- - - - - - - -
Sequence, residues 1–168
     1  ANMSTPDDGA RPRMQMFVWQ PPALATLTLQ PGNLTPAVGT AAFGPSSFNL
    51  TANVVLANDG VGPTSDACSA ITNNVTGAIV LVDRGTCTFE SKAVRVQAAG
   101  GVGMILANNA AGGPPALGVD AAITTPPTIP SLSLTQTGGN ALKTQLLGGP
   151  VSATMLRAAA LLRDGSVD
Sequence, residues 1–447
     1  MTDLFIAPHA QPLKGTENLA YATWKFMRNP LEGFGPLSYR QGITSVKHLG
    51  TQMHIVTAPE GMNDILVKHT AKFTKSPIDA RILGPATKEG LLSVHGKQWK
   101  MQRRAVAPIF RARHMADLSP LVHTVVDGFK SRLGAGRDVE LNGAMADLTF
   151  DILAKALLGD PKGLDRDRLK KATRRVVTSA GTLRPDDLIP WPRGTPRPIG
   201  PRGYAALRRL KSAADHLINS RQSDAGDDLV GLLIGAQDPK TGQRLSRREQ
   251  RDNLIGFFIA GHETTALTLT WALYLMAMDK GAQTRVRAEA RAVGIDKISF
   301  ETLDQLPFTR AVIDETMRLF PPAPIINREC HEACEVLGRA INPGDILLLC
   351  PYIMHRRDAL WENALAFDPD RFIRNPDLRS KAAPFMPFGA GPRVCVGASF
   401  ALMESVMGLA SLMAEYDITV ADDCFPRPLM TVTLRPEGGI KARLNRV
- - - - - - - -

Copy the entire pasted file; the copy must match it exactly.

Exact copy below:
Sequence, residues 1–168
     1  ANMSTPDDGA RPRMQMFVWQ PPALATLTLQ PGNLTPAVGT AAFGPSSFNL
    51  TANVVLANDG VGPTSDACSA ITNNVTGAIV LVDRGTCTFE SKAVRVQAAG
   101  GVGMILANNA AGGPPALGVD AAITTPPTIP SLSLTQTGGN ALKTQLLGGP
   151  VSATMLRAAA LLRDGSVD
Sequence, residues 1–447
     1  MTDLFIAPHA QPLKGTENLA YATWKFMRNP LEGFGPLSYR QGITSVKHLG
    51  TQMHIVTAPE GMNDILVKHT AKFTKSPIDA RILGPATKEG LLSVHGKQWK
   101  MQRRAVAPIF RARHMADLSP LVHTVVDGFK SRLGAGRDVE LNGAMADLTF
   151  DILAKALLGD PKGLDRDRLK KATRRVVTSA GTLRPDDLIP WPRGTPRPIG
   201  PRGYAALRRL KSAADHLINS RQSDAGDDLV GLLIGAQDPK TGQRLSRREQ
   251  RDNLIGFFIA GHETTALTLT WALYLMAMDK GAQTRVRAEA RAVGIDKISF
   301  ETLDQLPFTR AVIDETMRLF PPAPIINREC HEACEVLGRA INPGDILLLC
   351  PYIMHRRDAL WENALAFDPD RFIRNPDLRS KAAPFMPFGA GPRVCVGASF
   401  ALMESVMGLA SLMAEYDITV ADDCFPRPLM TVTLRPEGGI KARLNRV